As fans, it is easy to get lost in the competitive highs of rugby league's elite competition, but often it is the memories made in the humble junior games that can create the most lasting impacts.
Juniors take the field every week motivated by little more than the joy of making friends playing a game they love.
Playing a team sport like rugby league can teach kids many important lessons like inclusion and sportsmanship.
Those qualities were on full display during a recent Under 11s game between Wynnum Manly and Russell Island.
The following story was submitted by a parent whose child left Kitchener Park with a smile and an unforgettable experience; thanks to the sportsmanship and inclusive attitude of the young players on the field.
"Hi, my name is Michael Quinn and I have had a long association with the Wynnum Manly club starting with my Dad, John (Jack) Quinn in the 1940s playing in the Waterloo Bay competition.
"My 18-year-old son Brandt is currently in the Wynnum Colts squad. On Sunday, I went to Kitchener Park to an Under 11s game between Wynnum and Russell Island, where my grandson, Drake, was playing for Russell Island.
"Being an island community, they struggle to put full teams together and often have younger players in older age groups etc. My grandson has autism and my son and his wife always look for social opportunities so they decided to enrol him in the Rugby League team.
"As the game went on, it was clear that Wynnum were a very capable team and quickly went to a good lead. Drake doesn't have much of an idea what he's meant to be doing on the field and receives constant guidance from his coach, League-safe and team-mates, often wandering around the field.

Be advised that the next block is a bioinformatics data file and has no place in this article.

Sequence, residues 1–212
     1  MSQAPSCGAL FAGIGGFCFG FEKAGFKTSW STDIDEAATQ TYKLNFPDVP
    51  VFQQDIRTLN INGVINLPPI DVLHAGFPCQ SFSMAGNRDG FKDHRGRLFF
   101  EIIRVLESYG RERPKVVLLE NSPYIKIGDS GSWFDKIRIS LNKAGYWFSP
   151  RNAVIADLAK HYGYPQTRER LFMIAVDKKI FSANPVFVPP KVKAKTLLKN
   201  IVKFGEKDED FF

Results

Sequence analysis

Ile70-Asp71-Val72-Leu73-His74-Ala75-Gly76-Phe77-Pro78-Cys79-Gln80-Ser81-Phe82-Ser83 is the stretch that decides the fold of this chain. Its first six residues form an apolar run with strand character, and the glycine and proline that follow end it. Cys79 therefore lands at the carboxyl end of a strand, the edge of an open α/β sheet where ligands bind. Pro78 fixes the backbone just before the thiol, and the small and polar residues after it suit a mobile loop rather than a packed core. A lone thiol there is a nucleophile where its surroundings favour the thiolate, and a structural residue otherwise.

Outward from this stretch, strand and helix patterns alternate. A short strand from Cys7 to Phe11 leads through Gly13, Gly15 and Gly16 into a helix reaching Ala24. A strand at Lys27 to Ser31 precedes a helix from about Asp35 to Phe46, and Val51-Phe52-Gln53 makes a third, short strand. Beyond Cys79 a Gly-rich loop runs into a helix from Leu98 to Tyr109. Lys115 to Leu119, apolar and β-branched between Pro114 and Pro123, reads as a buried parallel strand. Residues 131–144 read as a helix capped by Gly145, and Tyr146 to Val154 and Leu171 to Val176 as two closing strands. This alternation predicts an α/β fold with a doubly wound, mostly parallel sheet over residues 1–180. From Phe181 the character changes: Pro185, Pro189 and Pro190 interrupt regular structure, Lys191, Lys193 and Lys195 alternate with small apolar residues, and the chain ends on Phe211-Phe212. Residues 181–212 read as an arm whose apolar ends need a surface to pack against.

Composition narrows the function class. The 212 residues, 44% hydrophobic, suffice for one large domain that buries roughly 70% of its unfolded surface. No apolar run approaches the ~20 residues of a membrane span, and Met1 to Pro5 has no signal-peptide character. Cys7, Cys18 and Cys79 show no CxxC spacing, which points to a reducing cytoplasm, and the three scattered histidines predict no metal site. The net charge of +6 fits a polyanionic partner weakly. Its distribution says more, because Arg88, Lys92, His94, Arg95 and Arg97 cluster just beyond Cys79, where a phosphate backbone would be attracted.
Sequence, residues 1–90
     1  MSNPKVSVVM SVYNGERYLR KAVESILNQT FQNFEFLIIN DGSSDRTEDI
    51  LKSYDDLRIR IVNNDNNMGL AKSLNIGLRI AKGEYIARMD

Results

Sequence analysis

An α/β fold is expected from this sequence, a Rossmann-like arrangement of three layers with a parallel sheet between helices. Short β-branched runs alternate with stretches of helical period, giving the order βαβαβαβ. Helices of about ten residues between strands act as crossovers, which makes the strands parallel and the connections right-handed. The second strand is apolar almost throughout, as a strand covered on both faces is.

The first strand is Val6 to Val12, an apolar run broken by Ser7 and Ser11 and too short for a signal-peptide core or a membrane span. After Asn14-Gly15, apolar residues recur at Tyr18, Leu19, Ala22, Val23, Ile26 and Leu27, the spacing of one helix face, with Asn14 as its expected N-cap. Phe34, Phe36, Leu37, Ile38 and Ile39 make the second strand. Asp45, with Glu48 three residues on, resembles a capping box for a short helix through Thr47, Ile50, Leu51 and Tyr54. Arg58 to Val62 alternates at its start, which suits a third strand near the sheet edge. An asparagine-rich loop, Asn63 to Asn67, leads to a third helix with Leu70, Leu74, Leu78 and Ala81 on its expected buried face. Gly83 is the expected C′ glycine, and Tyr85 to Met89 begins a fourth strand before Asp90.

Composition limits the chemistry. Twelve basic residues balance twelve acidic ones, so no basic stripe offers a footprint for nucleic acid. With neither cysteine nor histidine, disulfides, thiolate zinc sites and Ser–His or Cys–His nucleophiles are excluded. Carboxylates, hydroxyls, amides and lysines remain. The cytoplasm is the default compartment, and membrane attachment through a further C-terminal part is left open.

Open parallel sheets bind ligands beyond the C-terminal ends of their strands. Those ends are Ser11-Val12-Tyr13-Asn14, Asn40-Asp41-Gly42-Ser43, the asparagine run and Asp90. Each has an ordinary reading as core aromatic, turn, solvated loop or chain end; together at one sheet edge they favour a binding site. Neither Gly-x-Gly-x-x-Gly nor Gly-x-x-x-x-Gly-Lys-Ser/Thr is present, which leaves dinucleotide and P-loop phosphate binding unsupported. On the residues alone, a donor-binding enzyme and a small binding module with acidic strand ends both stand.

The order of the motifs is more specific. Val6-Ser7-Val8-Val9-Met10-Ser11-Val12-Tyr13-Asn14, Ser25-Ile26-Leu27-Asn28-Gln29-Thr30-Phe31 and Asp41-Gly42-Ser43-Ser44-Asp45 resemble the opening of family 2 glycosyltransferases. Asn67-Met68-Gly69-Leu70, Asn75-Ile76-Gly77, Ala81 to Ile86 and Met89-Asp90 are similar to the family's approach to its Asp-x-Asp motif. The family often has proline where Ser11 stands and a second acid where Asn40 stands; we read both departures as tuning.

"In the second half, it appeared that the Wynnum team became aware of this and encouraged the Russell Island team to give the ball to Drake. As they did, both teams guided him on which way to run and he started running down the field.
"Instinctively, the Wynnum players made dives at him, deliberately missing as he continued down the field. As he crossed the line, again both teams said, 'Put it down', which he did.
"The look on his face was priceless as they all cheered his success. I was running the line and went in behind the goal line for the conversion. I thanked them for their kindness and heard some of them saying that it felt good to be kind.
"They then proceeded to do a similar thing for a young girl on the Russell Island team who was very timid. Again, her face was beaming as she placed the ball over the line for a try. It was a great show of sportsmanship at such a young age and made me proud of being associated with the Wynnum Manly club.
"I get to see the same sort of consideration and inclusiveness in the senior club, as all senior teams include a young man with autism (as well).
"For my grandson, he now understands the game better and left Kitchener Park a very happy boy, looking forward to next week's game. Please pass on my heartfelt thanks to the coach and members of the Under 11 team."
Watch the video from the Wynnum team talking about the game above.